The big news this week was the release of the 2018 edition of Ten Thousand Commandments. Agencies continued to provide fodder for next years edition with 49 proposed regulations and 61 final regulations last week, ranging from clam insurance to wireless signal boosters.
One of the lessons learned from this year’s “10,000 Commandments” study is that Congress needs to be more involved in the regulatory process. It needs to make sure that agencies only regulate when legislation tells them to, and it needs to vet major new regulations. Over at USA Today, study author Wayne Crews and I make the case that Congress should also establish an annual regulatory budget.
We’ve been publishing and promoting the study for many years, and our strategies and methods have changed as the years have gone by. When we first started our video project in the mid-2000s, we made “10,000 Commandments” one of our first productions. In the video here from 2008, we review the burdens of the regulatory state with talent from the CEI staff and video shot right in our office. Back then YouTube itself was only a couple of years old, and many nonprofit organizations were jumping into the online video space for the very first time.
Wayne Crews has ably documented the regulatory state for twenty-five years and running. But what will the next twenty-five years of “10,000 Commandments” look like? From here, the future looks precarious, but there is reason to be hopeful about reducing Washington’s regulatory bootprint on consumer choice and the economy. With persistence, good ideas, and a little luck, the 2043 edition Ten Thousand Commandments will be much sunnier than this year’s.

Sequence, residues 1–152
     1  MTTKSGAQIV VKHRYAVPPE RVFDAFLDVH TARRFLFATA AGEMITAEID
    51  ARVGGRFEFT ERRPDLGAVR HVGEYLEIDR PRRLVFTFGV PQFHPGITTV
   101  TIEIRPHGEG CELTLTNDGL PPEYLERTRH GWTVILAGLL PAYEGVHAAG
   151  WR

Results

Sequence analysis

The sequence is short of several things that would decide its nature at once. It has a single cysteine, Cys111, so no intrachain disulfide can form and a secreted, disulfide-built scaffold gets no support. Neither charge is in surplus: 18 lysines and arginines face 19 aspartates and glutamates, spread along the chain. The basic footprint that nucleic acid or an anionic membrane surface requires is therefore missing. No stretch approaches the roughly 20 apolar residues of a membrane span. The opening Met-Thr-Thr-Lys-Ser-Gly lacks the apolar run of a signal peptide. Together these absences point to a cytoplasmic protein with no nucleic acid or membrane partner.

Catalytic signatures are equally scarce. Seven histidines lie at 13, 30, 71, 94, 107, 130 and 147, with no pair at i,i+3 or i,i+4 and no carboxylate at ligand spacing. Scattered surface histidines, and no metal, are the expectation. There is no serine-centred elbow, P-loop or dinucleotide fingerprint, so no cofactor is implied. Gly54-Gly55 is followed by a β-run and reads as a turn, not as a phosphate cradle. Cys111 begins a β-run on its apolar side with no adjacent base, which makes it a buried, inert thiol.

Federal regulation cost Americans $1.9 trillion in 2017, or nearly $15,000 per U.S. household—more than Americans spend on any category in their family budget except for housing. While the Trump administration has made noteworthy progress toward reining in the expansion of new rules, more substantial reform will need to come from Congress in order to significantly reduce this breathtaking government burden.
The highlights from this week’s round of 36 proposed regulations and 72 final regulations range from licensing government inventions to the Department of Redundancy Department’s new rule for fishing in the “Bering Sea subarea of the Bering Sea”.
It may not feel like Spring yet, but regulatory agencies have turned their fancies to rulemaking, with 45 proposed and 70 final regulations ranging from the size of oranges to yellow lances.
With a full quarter of 2018 in the books, agencies have issued just one economically significant rule—an increase in State Department fees amounting to $115 million this year, barely meeting the $100 million threshold for economic significance. Even so, agencies in the last week issued new regulations ranging from Chilean cherimoyas to migratory birds.
Today’s jobs numbers shattered expectations—313,000 new jobs in February against an expectation of 200,000. The numbers provide yet more support to the argument that supply side measures such as tax cuts and deregulation are working. Unfortunately, several questions remain as to whether this can continue.